Dispute delays settlement of former Pittsburgh woman's lawsuit against turnpike commission
By Brad Bumsted
Published: Wednesday, April 24, 2013, 12:01 a.m.
HARRISBURG — The Pennsylvania Turnpike Commission agreed to a $190,000 settlement with a former Pittsburgh woman who contended she was fired for testifying before a grand jury investigating turnpike corruption, court documents say.
But a disagreement over how the money would be paid to former city council staffer Eileen Conroy has, at least for now, derailed a final settlement.
Conroy's attorney, Ron Barber of the Downtown firm of Strassburger McKenna Gutnick and Gefsky, filed a motion on Tuesday asking a federal court to enforce the settlement agreement.
In the document, Barber said the Turnpike Commission on several occasions agreed to pay $190,000 in “one aggregate settlement amount.” It subsequently said Conroy would get $42,000 and Barber's firm would get $148,000.
“My fees are not anywhere near that large,” said Barber, declining further comment until an agreement is final.
Carl DeFebo, a turnpike spokesman, said the agency would not comment on pending litigation.
It was unclear why the Turnpike Commission tried to make the settlement for Conroy appear smaller.
Conroy, a former administrative secretary at the agency, was scheduled for trial April 2. On March 13, Attorney General Kathleen Kane announced grand jury presentments against the turnpike, alleging a “pay to play” scheme and a conspiracy to rig contracts among top agency officials, consultants and a former legislative leader. Kane charged eight people with crimes.
By late March, settlement talks were under way in Conroy's case.
Conroy filed a wrongful termination suit in 2010. Part of her lawsuit contended she was denied a promotion and that turnpike officials conspired to violate her rights. In September 2012, the court dismissed those claims but left intact the illegal firing complaint.
The turnpike insisted on an “extensive confidentiality provision,” which was “inconsistent with Pennsylvania law” on public agency settlement agreements, Barber argued.
Conroy now lives in the Harrisburg area. Barber has declined to allow her to be interviewed.
Brad Bumsted is Trib Total Media's state Capitol reporter. Reach him at 717-787-1405 or firstname.lastname@example.org.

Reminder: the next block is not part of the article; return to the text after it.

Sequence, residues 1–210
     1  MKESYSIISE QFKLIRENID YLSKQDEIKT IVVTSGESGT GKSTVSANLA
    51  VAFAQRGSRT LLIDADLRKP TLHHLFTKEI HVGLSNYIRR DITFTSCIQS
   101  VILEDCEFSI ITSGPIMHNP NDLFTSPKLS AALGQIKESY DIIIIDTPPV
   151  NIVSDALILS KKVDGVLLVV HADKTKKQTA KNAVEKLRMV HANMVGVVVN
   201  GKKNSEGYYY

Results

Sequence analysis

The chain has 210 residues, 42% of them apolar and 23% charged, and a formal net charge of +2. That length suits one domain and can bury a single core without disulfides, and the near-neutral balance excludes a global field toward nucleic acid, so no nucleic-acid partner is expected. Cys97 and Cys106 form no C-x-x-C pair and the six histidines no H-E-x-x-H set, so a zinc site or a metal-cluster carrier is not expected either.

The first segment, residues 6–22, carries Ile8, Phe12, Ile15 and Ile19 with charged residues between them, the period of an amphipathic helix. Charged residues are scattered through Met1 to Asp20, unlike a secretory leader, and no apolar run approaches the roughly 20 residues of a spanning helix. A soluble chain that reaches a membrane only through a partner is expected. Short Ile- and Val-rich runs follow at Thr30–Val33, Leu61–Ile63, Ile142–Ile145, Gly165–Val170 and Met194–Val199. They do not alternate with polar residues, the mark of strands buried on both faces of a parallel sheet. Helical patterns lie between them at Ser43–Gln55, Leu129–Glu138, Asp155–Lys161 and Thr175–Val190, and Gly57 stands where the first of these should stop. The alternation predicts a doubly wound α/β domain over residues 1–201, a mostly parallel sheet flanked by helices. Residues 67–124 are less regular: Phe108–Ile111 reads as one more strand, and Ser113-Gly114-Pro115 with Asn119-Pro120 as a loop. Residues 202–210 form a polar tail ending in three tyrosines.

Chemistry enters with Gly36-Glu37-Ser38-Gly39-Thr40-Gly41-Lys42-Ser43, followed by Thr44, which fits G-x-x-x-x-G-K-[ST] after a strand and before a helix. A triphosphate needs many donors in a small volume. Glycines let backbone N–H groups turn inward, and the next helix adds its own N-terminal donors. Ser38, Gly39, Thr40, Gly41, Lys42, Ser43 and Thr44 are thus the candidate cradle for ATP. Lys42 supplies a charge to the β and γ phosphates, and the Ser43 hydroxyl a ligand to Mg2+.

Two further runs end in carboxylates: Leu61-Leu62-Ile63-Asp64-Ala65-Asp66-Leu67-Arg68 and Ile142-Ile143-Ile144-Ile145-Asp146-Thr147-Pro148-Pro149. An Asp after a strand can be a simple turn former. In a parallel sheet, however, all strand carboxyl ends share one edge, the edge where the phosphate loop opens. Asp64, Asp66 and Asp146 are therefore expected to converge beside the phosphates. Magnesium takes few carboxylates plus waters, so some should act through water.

Show commenting policy
TribLive commenting policy
You are solely responsible for your comments and by using TribLive.com you agree to our Terms of Service.
We moderate comments. Our goal is to provide substantive commentary for a general readership. By screening submissions, we provide a space where readers can share intelligent and informed commentary that enhances the quality of our news and information.
While most comments will be posted if they are on-topic and not abusive, moderating decisions are subjective. We will make them as carefully and consistently as we can. Because of the volume of reader comments, we cannot review individual moderation decisions with readers.
We value thoughtful comments representing a range of views that make their point quickly and politely. We make an effort to protect discussions from repeated comments either by the same reader or different readers.
We follow the same standards for taste as the daily newspaper. A few things we won't tolerate: personal attacks, obscenity, vulgarity, profanity (including expletives and letters followed by dashes), commercial promotion, impersonations, incoherence, proselytizing and SHOUTING. Don't include URLs to Web sites.
We do not edit comments. They are either approved or deleted. We reserve the right to edit a comment that is quoted or excerpted in an article. In this case, we may fix spelling and punctuation.
We welcome strong opinions and criticism of our work, but we don't want comments to become bogged down with discussions of our policies and we will moderate accordingly.
We appreciate it when readers and people quoted in articles or blog posts point out errors of fact or emphasis and will investigate all assertions. But these suggestions should be sent via e-mail. To avoid distracting other readers, we won't publish comments that suggest a correction. Instead, corrections will be made in a blog post or in an article.
- Congressional races set for Pennsylvania
- 2 Democrats challenge for congressman’s seat in 12th District
- Pa. turnpike crash lesson for planners
- Filings leave Corbett facing new challenge
- Gas tax could factor into Pennsylvania gubernatorial race
- Contract arranged Pennsylvania Game Commission director’s early exit
- CSX makes deal with state on shipments of hazardous materials
- Pennsylvania man pleads guilty to threat against Obama
- Military veteran ID cards granted on honor system
- Supreme Court ruling to affect few bicycle trails in Pennsylvania
- RMU poll: Dem women not behind Obamacare backers